p134: "...Nowhere save in France did the Holy War win more powerful recruits than in England. In 1268 Edward himself took the cross, and with him his brother Edmund of Lancaster, his cousin Henry of Almaine, and many leading lords of both factions. Financial difficulties delayedthe departure of the crusaders, and it was not until 1270 that Edward and Henry were able to start. On reaching Provence, they learnt that Louis had turned his arms against Tunis, whither they followed him with all speed. On Edward's arrival off Tunis, he found that Louis was dead and that Philip III, the new French king, had concluded a truce with the misbelievers. Profoundly mortified by this treason to Christendom, Edward set forth with his little squadron to Acre, the chief townof Palestine that still remained in Christian hands...Edward remained in Palestine until August, 1272, and threw all his wonted fire and courage into the hopeless task of upholding the fast decaying Latin kingdom. At last alarming news of hisfather's health brought him back to Europe..."
p143: "...[1274] It was a veritable triumph for Edward, when Gregory X, though attracted for a moment by the prospect of a strong emperor capable of landing a crusade, accepted the choice of the German magnates who, in terror of France, elected as King of the Romans the strenuous but not overmighty Swabian count, Rudolf of Hapsburg..."
p144: "...Rudolf lent himself to their plans by investing Margart with Provence. Edward's filial piety and political interests made him a willing partner in these designs. In 1278 he betrothed his daughter Joan of Acre to Hartmann, the son of the King of the Romans. The plan of Edward and Rudolf was to revive in some fashion the kingdom of Arles in favour of the young couple..."
p173: "...Fear of Edward drove nobles into obedience as well as ministers into honesty. Gloucester desisted unwillingly from his attacks on Brecon, and was constrained to divorce his wife and marry the king's daughter, Joan of Acre. In becoming the king's son-in-law, he was forced to surrender his estates to the crown, receiving them back entailed on the heirs of the marriage or, in their default, on the heirs of Joan..."
p223: "...The heavy hand of Edward fell upon earls as well as upon bish- ops...The old leaders of opposition were dead or powerless. Ralph of Monthermer, the simple north-country knight who had won the hand of Joan of Acre, ruled over the Gloucester-Glamorgan inheritance on belf of his wife and Edward's little grandson, Gilbert of Clare..."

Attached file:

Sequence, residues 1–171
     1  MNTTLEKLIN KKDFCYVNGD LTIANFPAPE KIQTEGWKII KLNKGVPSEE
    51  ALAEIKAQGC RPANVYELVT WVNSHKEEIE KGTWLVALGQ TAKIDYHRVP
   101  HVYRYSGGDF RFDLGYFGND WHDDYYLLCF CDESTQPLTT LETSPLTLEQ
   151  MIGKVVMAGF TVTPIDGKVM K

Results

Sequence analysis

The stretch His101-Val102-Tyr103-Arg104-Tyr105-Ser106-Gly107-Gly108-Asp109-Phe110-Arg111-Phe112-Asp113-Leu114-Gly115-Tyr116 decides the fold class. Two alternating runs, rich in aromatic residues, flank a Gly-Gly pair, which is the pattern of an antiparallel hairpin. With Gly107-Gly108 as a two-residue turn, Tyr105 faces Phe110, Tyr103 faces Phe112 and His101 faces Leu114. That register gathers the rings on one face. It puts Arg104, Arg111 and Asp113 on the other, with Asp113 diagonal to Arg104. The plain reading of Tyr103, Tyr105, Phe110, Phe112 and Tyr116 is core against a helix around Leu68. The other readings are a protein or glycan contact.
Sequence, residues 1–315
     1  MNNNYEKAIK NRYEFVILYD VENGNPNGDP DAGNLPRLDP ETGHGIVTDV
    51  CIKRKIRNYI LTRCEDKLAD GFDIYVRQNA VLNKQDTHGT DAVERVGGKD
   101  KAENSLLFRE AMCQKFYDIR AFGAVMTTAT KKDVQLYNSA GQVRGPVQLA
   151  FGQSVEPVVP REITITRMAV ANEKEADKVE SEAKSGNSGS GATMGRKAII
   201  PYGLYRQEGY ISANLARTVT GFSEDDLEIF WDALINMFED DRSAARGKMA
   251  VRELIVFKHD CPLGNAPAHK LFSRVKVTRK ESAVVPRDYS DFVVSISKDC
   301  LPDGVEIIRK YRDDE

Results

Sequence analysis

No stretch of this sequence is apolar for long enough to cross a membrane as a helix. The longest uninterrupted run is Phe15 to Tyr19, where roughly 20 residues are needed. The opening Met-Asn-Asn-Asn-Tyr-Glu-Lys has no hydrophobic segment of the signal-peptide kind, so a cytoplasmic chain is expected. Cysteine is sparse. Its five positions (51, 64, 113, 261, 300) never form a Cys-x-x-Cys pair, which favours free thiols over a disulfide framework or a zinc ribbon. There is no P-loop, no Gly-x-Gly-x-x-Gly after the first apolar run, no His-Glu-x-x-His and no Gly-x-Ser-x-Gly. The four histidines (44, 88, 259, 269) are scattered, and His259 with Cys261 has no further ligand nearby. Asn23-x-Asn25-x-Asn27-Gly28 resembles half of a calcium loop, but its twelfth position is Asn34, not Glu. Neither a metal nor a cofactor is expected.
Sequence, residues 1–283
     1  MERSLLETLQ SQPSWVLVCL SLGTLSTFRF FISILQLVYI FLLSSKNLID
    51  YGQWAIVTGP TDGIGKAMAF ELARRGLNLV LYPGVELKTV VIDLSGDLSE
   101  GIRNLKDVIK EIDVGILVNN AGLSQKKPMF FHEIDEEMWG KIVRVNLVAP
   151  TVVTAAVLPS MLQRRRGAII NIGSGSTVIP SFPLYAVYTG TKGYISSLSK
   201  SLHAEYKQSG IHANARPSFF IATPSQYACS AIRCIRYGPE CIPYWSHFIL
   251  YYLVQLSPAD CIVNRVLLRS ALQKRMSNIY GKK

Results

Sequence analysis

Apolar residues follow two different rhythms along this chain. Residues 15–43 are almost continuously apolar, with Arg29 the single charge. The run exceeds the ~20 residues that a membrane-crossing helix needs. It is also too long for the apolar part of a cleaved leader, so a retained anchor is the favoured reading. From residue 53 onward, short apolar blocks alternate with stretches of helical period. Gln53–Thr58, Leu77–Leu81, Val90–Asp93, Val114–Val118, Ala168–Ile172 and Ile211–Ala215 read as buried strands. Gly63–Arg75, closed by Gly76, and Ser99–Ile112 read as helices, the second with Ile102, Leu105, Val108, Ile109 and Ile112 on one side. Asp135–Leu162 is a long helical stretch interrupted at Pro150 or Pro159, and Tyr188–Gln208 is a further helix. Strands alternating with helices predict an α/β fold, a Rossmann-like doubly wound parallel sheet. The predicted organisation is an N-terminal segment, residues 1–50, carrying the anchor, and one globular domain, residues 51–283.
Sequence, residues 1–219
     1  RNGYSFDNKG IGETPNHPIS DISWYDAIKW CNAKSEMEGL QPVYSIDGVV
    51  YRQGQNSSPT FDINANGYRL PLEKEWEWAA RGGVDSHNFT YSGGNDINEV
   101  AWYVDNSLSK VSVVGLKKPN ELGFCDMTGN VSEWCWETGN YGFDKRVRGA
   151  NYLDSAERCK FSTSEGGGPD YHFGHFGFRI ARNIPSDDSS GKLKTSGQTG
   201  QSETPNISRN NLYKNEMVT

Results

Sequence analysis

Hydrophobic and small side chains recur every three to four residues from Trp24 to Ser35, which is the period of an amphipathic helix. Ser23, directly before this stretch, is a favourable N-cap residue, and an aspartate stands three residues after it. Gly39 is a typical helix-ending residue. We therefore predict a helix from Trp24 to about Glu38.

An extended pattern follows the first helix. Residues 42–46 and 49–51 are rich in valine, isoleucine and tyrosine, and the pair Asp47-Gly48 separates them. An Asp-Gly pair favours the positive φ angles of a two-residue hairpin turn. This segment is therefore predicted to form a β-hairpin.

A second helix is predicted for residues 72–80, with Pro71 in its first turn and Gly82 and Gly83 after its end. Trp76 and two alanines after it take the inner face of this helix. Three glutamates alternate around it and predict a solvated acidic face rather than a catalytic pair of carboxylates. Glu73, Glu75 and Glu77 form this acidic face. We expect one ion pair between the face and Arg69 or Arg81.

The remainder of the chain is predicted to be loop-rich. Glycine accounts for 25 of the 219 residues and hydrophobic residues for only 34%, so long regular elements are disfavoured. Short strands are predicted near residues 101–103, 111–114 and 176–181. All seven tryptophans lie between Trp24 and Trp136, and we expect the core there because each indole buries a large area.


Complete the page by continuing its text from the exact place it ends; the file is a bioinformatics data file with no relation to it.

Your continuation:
The New Columbia Encyclopedia, 1975, p1094, Gloucester Gilbert De Clare 8th Earl of: "1243-1295, English nobleman, son of the 7th Earl. He married (1253) Alice de Lusignan, niece of Henry III, and succeeded to the Earldom in 1262... His first marriage was annulled, and in 1290 he married Edward's daughter Joan. He also held the titles of Earl of Clare, and Earl of Hertford, as did his son byJoan, Gilbert de Clare, 9th Earl of Gloucester (1291-1314), who served Edward II faithfully and was killed at the battle of Bannockburn."

The Lives of the Kings and Queens of England, Antonia Fraser, 1975, Alfred Knopf, p70: "Joan of Acre, 1272-1307, mar (1) Gilbert de Clare Earl of Gloucester, mar (2) Ralph de Monthermer..."

INTERNET
Draper Gedcom
http://www.my-ged.com/db/page/draper/02033
Joan (Joanna) Plantaganet of Acre, born in 1272, in Acre in the Holy Land during a crusade, died in April 1307. She was looked after in Ponthieu, by her maternal grandmother, Jeanne of Dammartin, much of her childhood. She married in 1290, (1) Gilbert de Clare, Earl of Gloucester, who died in 1295, and later, a clandestine marriage, to (2) Ralph de Monthermer, who died in 1307. ("The Genealogy of Homer Beers James", V1, JANDA Consultants, 1993 Homer James)

ANCESTRY.COM
World Ancestral Chart No. 17450 Ancestors of Wayne G Thorpe and Olive Loraine Slade: Joan Plantagenet.

ANCESTRAL FILE
Ancestral File Ver 4.10 84ZQ-DM Joan, TTE Joanna, KQGB Joan of Acre.

INTERNATIONAL GENEALOGICAL INDEX
IGI Marriage T990362-123-0884799 Gilbert DE CLARE Earl of Gloucester Spouse Joan Princess of ENGLAND May 1290 Westminster Abbey Westminster London England.

IGI Birth T990361-186-08847798 Gilbert DE CLARE Earl of Gloucester Father Gilbert DE CLARE Earl of GloucesterMother Joan Princess of ENGLAND 10 May 1291 Winchcomb Gloucester England.

   Marriage Information:

Joan married Earl Gilbert De Clare GLOUCESTER, son of Earl Richard De Clare GLOUCESTER and Countess Maud De Lacy GLOUCESTER, on 30 Apr 1290 in Abbey, Westminster, London, Middlesex, England. (Earl Gilbert De Clare GLOUCESTER was born on 2 Sep 1243 in Church, Christ, Hampshire, England, died on 7 Dec 1295 in Castle, Monmouth, Monmouthshire, England and was buried on 22 Dec 1295 in Abbey, Tewkesbury, Gloucestershire, England.)

   Marriage Information:

Joan also married Earl Ralph De Monthermer GLOUCESTER in Jan 1296-1297 in Akko, Hazafon, Israel. (Earl Ralph De Monthermer GLOUCESTER died in 1305-1325.)